The aftershocks of a devastating earthquake can often be as horrifying as the main event. Now scientists have developed a system for predicting where such post-quake tremors could take place, and they've used an ingenious application of artificial intelligence (AI) to make this happen.
Knowing more about what's coming next can be a matter of life or death for communities reeling from a large quake. The aftershocks can often cause further injuries and fatalities, damage buildings, and complicate rescue efforts.
A team led by researchers from Harvard University has trained AI to crunch huge amounts of sensor data and apply deep learning to make more accurate predictions.
The researchers behind the new system say it's not ready to be deployed yet, but is already more reliable at pinpointing aftershocks than current prediction models.
In the years ahead, it could become a vital part of the prediction systems used by seismologists.
"There are three things you want to know about earthquakes – you want to know when they are going to occur, how big they're going to be and where they're going to be," says one of the team, Brendan Meade from Harvard University in Massachusetts.
"Prior to this work we had empirical laws for when they would occur and how big they were going to be, and now we're working the third leg, where they might occur."
The idea to use deep learning to tackle this came to Meade when he was on a sabbatical at Google – a company where AI is being deployed in many different areas of computing and science.
Machine learning is just one facet of AI, and is exactly what it sounds like: machines learning from sets of data, so they can cope with new problems that they haven't been specifically programmed to tackle.
Deep learning is a more advanced type of machine learning, applying what are called neural networks to try and mimic the thinking processes of the brain.
In simple terms it means the AI can see more possible results at once, and weigh up a more complex map of factors and considerations, sort-of like neurons in a brain would.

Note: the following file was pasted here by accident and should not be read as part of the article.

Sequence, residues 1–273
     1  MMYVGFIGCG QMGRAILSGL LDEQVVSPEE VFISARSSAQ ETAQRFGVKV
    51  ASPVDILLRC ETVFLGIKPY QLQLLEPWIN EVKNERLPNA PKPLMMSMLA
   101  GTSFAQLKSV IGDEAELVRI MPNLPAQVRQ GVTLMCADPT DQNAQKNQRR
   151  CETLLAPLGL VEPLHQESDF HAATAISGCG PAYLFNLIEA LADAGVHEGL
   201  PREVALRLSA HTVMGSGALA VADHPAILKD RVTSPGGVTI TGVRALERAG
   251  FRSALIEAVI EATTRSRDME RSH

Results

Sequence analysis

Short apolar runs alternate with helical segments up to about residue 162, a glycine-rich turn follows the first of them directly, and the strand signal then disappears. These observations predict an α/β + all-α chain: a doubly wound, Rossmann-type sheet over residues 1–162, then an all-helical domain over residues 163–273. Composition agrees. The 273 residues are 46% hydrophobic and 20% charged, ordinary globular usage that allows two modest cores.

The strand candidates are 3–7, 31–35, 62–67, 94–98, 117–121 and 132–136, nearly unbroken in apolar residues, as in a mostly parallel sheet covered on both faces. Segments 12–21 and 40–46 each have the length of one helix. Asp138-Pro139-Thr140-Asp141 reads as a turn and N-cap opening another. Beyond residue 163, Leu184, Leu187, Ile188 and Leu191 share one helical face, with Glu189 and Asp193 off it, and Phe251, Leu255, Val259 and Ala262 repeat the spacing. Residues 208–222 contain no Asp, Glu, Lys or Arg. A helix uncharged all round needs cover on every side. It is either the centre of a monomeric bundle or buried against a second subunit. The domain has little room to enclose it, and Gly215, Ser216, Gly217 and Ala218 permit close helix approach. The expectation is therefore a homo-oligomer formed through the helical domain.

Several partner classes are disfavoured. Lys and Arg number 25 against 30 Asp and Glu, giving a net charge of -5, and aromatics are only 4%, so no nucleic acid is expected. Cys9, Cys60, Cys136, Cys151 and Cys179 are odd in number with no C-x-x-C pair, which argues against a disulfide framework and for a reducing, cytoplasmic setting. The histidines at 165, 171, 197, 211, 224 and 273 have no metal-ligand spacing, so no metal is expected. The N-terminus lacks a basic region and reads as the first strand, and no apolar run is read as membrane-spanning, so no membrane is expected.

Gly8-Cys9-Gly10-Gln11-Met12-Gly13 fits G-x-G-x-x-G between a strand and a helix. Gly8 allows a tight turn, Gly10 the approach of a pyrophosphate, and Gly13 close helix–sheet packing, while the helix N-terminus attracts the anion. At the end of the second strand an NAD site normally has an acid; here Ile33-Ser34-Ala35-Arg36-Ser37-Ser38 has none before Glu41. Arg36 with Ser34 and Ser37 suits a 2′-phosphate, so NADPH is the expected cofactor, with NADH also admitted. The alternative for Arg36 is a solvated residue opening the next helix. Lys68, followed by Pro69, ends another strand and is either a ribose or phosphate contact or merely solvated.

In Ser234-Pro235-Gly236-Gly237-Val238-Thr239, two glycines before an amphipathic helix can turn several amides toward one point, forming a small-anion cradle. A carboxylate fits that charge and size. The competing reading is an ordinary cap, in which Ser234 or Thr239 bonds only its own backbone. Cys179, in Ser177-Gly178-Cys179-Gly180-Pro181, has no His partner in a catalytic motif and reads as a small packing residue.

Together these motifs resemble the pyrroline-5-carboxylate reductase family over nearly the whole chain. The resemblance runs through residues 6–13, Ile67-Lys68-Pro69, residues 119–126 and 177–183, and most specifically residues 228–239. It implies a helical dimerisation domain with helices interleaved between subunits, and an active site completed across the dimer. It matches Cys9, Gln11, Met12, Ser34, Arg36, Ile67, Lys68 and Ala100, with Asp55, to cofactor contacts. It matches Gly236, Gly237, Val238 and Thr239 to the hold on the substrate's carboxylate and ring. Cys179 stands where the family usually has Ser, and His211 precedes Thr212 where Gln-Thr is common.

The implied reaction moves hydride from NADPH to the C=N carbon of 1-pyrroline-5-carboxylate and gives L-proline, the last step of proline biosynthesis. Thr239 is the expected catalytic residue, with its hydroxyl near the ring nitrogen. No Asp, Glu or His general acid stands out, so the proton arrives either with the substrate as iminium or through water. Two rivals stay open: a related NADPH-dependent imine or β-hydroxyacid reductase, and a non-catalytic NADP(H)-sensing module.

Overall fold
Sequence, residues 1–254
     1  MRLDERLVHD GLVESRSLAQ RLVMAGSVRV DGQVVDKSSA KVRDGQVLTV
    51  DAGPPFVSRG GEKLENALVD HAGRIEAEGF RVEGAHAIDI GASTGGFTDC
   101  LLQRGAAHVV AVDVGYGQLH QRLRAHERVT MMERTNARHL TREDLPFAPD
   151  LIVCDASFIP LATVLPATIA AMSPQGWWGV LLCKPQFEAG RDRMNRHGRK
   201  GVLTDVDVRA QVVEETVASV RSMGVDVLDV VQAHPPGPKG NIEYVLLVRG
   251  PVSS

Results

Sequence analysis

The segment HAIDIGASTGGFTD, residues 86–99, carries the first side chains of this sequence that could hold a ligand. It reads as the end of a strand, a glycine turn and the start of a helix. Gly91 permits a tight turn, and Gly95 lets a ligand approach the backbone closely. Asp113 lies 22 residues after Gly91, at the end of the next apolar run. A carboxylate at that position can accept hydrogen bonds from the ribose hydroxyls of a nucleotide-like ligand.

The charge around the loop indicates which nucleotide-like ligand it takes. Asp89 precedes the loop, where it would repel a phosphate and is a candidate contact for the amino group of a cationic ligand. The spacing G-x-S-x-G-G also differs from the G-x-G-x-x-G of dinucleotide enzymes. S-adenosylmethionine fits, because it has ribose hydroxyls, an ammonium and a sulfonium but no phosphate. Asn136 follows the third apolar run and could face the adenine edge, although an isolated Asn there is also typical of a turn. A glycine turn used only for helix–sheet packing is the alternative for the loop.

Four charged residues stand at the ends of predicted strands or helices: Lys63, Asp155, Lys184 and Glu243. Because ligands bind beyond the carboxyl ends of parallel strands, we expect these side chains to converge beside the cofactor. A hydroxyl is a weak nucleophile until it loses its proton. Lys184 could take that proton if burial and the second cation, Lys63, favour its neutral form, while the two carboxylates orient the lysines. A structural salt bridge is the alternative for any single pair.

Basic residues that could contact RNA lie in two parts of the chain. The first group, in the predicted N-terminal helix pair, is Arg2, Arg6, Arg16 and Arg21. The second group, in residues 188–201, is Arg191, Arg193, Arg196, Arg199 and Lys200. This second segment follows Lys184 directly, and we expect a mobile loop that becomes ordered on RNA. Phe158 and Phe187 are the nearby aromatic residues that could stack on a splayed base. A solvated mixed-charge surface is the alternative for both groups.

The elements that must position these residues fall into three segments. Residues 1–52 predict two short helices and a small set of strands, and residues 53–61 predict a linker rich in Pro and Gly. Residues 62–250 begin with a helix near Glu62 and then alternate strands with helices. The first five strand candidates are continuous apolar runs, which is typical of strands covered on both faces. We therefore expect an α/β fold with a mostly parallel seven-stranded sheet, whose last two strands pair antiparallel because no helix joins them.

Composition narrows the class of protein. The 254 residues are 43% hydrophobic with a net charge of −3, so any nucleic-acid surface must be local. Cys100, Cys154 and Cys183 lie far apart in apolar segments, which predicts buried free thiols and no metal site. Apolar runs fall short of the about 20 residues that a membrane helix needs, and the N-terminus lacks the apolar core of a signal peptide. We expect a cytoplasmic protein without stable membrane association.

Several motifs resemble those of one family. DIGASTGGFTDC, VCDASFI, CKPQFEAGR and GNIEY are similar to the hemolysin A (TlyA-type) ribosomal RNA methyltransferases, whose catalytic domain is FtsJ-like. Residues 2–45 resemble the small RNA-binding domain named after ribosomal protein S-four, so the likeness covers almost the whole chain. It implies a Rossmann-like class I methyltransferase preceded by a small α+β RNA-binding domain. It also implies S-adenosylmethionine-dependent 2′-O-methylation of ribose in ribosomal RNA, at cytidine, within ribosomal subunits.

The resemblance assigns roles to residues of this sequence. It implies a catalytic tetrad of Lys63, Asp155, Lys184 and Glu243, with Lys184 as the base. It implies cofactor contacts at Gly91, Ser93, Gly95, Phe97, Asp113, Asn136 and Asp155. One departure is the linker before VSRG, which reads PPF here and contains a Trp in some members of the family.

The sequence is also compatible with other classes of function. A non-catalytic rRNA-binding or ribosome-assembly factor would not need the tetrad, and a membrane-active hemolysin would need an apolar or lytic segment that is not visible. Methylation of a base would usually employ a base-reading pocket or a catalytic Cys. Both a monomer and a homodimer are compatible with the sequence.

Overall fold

It's perfect for earthquakes, with so many variables to consider – from the strength of the shock to the position of the tectonic plates to the type of ground involved. Deep learning could potentially tease out patterns that human analysts could never spot.
To put this to use with aftershocks, Meade and his colleagues tapped into a database of over 131,000 pairs of earthquake and aftershock readings, taken from 199 previous earthquakes.
Having let the AI engine chew through those, they then got it to predict the activity of more than 30,000 similar pairs, suggesting the likelihood of aftershocks hitting locations based on a grid of 5 square kilometre (1.9 square mile) units.
The results were ahead of the Coulomb failure stress change model currently in use. If 1 represents perfect accuracy, and .5 represents flipping a coin, the Coulomb model scored 0.583, and the new AI system managed 0.849.
"I'm very excited for the potential for machine learning going forward with these kind of problems – it's a very important problem to go after," says one of the researchers, Phoebe DeVries from Harvard University.
"Aftershock forecasting in particular is a challenge that's well-suited to machine learning because there are so many physical phenomena that could influence aftershock behaviour and machine learning is extremely good at teasing out those relationships."
A key ingredient, the researchers say, was the addition of the von Mises yield criterion into the AI's algorithms – a calculation that can predict when materials will break under stress. Previously used in fields like metallurgy, the calculation hasn't been extensively used in modelling earthquakes before now.
There's still a way to go here – the researchers point out their current AI models are only designed to deal with one type of aftershock trigger, and simple fault lines: it's not yet a system that can be applied to any kind of quake around the world.
What's more, it's too slow right now to predict the deadly aftershocks that can happen a day or two after the first earthquake.
However, the good news is that neural networks are designed to continually get better over time, which means with more data and more learning cycles, the system should steadily improve.
"I think we've really just scratched the surface of what could be done with aftershock forecasting... and that's really exciting," says DeVries.
The research has been published in Nature.